“If it rattles, take it to battle”.....

Discussion in 'General Firearms Forum' started by Bobcatbaseball35, Jun 8, 2020.

  1. Bobcatbaseball35

    Bobcatbaseball35

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    The implication of this quote being that tolerances that are too tight don’t mesh well with use in the real world. Where did I learn this quote from?? I think if memory serves it was made by a world war 2 vet speaking of the 1911 pistol. You wanted one that rattled....has looser tolerances to be more reliable. Anybody else ever heard this quote?


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  2. 1L26

    1L26

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    Yep! Years ago!
     
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  3. DonD

    DonD

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    Better quality commercial 1911s prove that sloppy clearances aren't necessary to have accurate and reliable guns. Maybe if you want to drag your high quality 1911 through the mud, the gun with looser clearances might be more resistant to failure but maybe not.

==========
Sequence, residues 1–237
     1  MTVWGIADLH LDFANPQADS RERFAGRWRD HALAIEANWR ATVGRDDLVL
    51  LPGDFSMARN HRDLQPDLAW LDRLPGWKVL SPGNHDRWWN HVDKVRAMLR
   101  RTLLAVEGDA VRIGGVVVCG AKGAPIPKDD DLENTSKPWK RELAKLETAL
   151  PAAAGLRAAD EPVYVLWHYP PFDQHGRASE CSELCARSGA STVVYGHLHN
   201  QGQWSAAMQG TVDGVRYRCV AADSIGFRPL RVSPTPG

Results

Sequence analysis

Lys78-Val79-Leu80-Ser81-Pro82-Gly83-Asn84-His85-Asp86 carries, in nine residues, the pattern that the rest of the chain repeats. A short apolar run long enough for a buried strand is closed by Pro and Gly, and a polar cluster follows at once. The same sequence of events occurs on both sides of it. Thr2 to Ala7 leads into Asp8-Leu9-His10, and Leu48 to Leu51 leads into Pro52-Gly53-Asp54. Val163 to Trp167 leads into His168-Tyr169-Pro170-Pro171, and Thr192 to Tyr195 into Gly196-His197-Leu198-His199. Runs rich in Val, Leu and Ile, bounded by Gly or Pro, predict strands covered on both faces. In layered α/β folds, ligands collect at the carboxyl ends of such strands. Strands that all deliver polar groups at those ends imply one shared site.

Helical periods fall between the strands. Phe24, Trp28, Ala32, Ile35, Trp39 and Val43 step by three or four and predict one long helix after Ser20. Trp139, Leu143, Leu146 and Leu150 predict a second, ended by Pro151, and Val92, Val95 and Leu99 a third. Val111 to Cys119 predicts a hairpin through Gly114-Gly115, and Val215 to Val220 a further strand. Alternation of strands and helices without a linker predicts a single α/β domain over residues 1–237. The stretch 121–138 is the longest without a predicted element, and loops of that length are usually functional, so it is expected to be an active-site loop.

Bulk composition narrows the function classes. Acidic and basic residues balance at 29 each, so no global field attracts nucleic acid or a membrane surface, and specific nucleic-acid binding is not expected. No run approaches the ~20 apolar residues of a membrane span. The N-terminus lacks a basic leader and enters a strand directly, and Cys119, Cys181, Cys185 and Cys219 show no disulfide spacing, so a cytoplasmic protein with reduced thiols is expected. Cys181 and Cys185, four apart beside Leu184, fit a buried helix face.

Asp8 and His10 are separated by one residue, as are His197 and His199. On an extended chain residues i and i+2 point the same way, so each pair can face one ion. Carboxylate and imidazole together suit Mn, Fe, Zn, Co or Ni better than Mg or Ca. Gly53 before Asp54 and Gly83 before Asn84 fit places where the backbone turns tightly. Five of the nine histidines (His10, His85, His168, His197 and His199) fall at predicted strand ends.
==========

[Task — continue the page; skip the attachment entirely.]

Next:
I'll stick with modern products. Don
     
  4. irish_ironsight

    irish_ironsight

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    Am I the only one who uses the term "Battle Rattle" when referring to full gear.

    it was taught to me year 's ago by a vet.
     
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  5. collim1

    collim1

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    InRangeTV’s mud tests have proven that theory unreliable IMO.

    Tight tolerances, proper lubrication, and a design that seals the internals up from outside contamination seem to have a much greater influence in reliability in harsh conditions than just “loose tolerances” in general.
     
    Last edited: Jun 8, 2020
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  6. vikingsoftpaw

    vikingsoftpaw DEPLORABLE ME!

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    I had a Kimber Stainless Classic Gold Match that was tight. Never rattled. I would not trust is in a defensive situation. It only ran flawlessly when it was cleaned and freshly lubed. It was a nice range toy, but very accurate for an OOB 1911.